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Compose is a python library for automated prediction engineering. An end user defines an outcome of interest over the data by writing a "labeling function". Compose will automatically search and extract historical training examples to train machine learning examples, balance them across time, entities and label categories to reduce biases in learning process. See the documentation for more information.

Its result is then provided to the automatic feature engineering tools Featuretools and subsequently to AutoML/ML libraries to develop a model. This automation for the very early stage of ML pipeline process allows our end user to easily define a task and solve it. The workflow of an applied machine learning engineer then becomes:



Compose can be installed by running the following command.

pip install composeml


In this example, we will generate labels on a mock dataset of transactions. For each customer, we want to label whether the total purchase amount over the next hour of transactions will exceed $300. Additionally, we want to predict one hour in advance.

Load Data

With the package installed, we load in the data. To get an idea on how the transactions looks, we preview the data frame.

import composeml as cp

df = cp.demos.load_transactions()

transaction_id session_id transaction_time product_id amount customer_id device
298 1 2014-01-01 00:00:00 5 127.64 2 desktop
10 1 2014-01-01 00:09:45 5 57.39 2 desktop
495 1 2014-01-01 00:14:05 5 69.45 2 desktop
460 10 2014-01-01 02:33:50 5 123.19 2 tablet
302 10 2014-01-01 02:37:05 5 64.47 2 tablet

Create Labeling Function

To get started, we define the labeling function that will return the total purchase amount given a hour of transactions.

def total_spent(df):
    total = df['amount'].sum()
    return total

Construct Label Maker

With the labeling function, we create the LabelMaker for our prediction problem. To process one hour of transactions for each customer, we set the target_entity to the customer ID and the window_size to one hour.

label_maker = cp.LabelMaker(

Search Labels

Next, we automatically search and extract the labels by using For more details on how the label maker works, see Main Concepts.

labels =

customer_id cutoff_time total_spent
1 2014-01-01 00:45:30 914.73
1 2014-01-01 00:46:35 806.62
1 2014-01-01 00:47:40 694.09
1 2014-01-01 00:52:00 687.80
1 2014-01-01 00:53:05 656.43

Transform Labels

With the generated LabelTimes, we will apply specific transforms for our prediction problem. To make the labels binary, a threshold is applied for amounts exceeding $300.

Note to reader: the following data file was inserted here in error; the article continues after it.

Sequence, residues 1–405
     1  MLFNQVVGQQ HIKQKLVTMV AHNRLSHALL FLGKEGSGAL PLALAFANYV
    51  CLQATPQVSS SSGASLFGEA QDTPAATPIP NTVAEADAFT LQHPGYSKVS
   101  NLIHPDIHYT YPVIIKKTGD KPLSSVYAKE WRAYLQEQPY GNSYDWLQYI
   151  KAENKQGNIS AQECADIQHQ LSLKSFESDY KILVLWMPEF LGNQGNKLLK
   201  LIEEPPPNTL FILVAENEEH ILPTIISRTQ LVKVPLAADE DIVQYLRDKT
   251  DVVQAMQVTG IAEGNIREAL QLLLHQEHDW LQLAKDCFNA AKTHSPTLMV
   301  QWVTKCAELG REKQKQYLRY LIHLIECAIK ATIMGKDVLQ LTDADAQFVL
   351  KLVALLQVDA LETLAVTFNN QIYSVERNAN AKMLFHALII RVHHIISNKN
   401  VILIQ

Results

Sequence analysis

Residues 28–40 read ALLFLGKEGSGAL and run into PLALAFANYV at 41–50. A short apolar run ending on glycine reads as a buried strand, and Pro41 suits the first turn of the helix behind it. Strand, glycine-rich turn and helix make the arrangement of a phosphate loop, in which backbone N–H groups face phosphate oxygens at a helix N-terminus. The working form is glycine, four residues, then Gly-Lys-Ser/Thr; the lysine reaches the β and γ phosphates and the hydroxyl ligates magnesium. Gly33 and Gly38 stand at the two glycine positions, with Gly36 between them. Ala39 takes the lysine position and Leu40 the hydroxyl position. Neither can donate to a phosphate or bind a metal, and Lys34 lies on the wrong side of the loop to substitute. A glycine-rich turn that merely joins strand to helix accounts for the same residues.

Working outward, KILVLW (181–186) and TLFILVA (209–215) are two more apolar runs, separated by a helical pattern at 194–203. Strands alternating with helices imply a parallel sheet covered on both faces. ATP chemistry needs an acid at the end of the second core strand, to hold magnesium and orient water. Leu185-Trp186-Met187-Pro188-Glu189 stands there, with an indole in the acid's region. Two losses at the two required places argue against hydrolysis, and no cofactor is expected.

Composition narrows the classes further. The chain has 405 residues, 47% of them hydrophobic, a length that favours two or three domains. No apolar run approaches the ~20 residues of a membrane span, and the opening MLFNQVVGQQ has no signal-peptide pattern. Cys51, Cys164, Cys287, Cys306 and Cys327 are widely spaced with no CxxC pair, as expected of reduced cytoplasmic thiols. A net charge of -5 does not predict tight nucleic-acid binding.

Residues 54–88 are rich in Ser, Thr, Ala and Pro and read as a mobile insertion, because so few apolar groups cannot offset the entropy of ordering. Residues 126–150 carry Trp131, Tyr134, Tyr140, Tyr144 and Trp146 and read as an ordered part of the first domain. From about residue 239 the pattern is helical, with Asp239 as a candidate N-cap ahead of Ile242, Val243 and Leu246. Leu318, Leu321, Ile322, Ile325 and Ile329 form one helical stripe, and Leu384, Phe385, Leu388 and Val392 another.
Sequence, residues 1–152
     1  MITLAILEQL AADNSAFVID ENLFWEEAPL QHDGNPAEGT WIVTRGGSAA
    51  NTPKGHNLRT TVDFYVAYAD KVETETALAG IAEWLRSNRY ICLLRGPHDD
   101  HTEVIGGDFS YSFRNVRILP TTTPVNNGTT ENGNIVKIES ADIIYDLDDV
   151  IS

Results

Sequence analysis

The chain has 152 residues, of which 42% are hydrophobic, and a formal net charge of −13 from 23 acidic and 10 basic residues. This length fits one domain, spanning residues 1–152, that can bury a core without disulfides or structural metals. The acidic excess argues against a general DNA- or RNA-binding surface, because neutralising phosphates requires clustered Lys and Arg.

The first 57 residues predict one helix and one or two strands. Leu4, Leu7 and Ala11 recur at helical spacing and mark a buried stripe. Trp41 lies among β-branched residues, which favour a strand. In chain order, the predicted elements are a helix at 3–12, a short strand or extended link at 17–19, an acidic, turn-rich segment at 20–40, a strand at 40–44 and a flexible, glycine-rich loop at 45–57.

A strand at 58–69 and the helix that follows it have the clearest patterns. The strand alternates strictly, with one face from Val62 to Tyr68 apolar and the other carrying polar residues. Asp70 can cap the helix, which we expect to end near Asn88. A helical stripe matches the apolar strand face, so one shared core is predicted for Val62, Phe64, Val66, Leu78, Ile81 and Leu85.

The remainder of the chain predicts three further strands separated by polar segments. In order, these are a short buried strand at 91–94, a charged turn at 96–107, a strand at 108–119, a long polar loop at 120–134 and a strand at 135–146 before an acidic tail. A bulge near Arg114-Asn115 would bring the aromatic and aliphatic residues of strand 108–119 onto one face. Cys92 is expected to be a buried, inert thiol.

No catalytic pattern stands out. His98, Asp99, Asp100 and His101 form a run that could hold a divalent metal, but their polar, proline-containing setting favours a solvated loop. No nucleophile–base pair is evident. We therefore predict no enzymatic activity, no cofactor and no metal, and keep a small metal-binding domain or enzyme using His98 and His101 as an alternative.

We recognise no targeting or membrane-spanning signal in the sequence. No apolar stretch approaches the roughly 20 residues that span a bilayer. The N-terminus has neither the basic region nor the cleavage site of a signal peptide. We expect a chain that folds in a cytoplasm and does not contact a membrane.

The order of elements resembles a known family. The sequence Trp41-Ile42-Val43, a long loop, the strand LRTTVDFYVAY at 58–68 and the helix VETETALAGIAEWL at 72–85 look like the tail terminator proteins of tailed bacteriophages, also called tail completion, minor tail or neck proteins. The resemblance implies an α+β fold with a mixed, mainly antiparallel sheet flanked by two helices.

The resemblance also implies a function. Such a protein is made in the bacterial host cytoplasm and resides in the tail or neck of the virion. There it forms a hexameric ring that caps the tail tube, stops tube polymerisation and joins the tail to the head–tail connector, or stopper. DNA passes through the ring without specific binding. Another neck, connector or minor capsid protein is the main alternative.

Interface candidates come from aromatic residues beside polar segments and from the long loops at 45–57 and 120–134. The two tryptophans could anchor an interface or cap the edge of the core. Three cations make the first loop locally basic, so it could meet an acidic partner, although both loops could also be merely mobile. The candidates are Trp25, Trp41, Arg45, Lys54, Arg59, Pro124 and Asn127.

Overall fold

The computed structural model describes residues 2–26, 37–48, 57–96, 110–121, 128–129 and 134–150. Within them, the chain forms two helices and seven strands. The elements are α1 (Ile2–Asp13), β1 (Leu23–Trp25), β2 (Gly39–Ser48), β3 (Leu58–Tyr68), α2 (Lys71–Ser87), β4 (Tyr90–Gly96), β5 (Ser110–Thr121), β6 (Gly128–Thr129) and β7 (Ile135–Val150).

labels = labels.threshold(300)

customer_id cutoff_time total_spent
1 2014-01-01 00:45:30 True
1 2014-01-01 00:46:35 True
1 2014-01-01 00:47:40 True
1 2014-01-01 00:52:00 True
1 2014-01-01 00:53:05 True

Additionally, the label times are shifted one hour earlier for predicting in advance.

labels = labels.apply_lead('1h')

customer_id cutoff_time total_spent
1 2013-12-31 23:45:30 True
1 2013-12-31 23:46:35 True
1 2013-12-31 23:47:40 True
1 2013-12-31 23:52:00 True
1 2013-12-31 23:53:05 True

Describe Labels

After transforming the labels, we can use LabelTimes.describe to print out the distribution with the settings and transforms that were used to make these labels. This is useful as a reference for understanding how the labels were generated from raw data. Also, the label distribution is helpful for determining if we have imbalanced labels.

Label Distribution
False      56
True       44
Total:    100

num_examples_per_instance        -1
minimum_data                   None
window_size                  <Hour>
gap                               1

1. threshold
  - value:    300

2. apply_lead
  - value:    1h

Testing & Development

The Feature Labs community welcomes pull requests. Instructions for testing and development are available here.


The Feature Labs open source community is happy to provide support to users of Compose. Project support can be found in four places depending on the type of question:

  1. For usage questions, use Stack Overflow with the composeml tag.
  2. For bugs, issues, or feature requests start a Github issue.
  3. For discussion regarding development on the core library, use Slack.
  4. For everything else, the core developers can be reached by email at

Citing Compose

Compose is built upon a newly defined part of the machine learning process - prediction engineering. If you use Compose please consider citing this paper: James Max Kanter, Gillespie, Owen, Kalyan Veeramachaneni. Label, Segment,Featurize: a cross domain framework for prediction engineering. IEEE DSAA 2016.

BibTeX entry:

  title={Label, segment, featurize: a cross domain framework for prediction engineering},
  author={Kanter, James Max and Gillespie, Owen and Veeramachaneni, Kalyan},
  booktitle={2016 IEEE International Conference on Data Science and Advanced Analytics (DSAA)},


Compose open source has been developed by Feature Labs engineering team. The open source development has been supported in part by DARPA's Data driven discovery of models program (D3M).

Feature Labs


Compose is an open source project created by Feature Labs. We developed Compose to enable flexible definition of the machine learning task. Read more about our rationale behind automating and developing this stage of the machine learning process here.

To see the other open source projects we're working on visit Feature Labs Open Source. If building impactful data science pipelines is important to you or your business, please get in touch.

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